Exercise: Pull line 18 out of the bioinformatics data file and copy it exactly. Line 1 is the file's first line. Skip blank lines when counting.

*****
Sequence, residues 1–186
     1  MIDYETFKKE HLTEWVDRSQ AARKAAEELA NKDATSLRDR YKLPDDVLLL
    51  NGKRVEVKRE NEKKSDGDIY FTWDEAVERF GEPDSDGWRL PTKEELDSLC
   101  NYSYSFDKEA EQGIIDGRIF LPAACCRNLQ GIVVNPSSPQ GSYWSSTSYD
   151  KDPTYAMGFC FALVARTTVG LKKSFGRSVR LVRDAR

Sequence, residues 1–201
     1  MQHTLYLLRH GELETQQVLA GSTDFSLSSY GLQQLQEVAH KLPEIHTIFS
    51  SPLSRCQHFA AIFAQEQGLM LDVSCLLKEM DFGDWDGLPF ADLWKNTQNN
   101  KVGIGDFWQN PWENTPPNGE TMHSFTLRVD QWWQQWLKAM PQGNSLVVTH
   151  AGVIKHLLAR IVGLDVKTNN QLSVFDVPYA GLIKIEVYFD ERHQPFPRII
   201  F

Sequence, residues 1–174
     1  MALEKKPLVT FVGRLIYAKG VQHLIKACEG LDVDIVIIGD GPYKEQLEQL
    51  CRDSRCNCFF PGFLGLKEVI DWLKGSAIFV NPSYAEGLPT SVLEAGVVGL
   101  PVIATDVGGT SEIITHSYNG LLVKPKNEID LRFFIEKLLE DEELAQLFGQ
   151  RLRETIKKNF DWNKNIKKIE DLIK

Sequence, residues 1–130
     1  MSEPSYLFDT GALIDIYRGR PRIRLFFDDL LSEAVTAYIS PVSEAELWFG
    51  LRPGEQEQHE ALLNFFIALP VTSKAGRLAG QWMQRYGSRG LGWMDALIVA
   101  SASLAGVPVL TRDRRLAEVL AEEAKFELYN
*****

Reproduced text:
     1  MSEPSYLFDT GALIDIYRGR PRIRLFFDDL LSEAVTAYIS PVSEAELWFG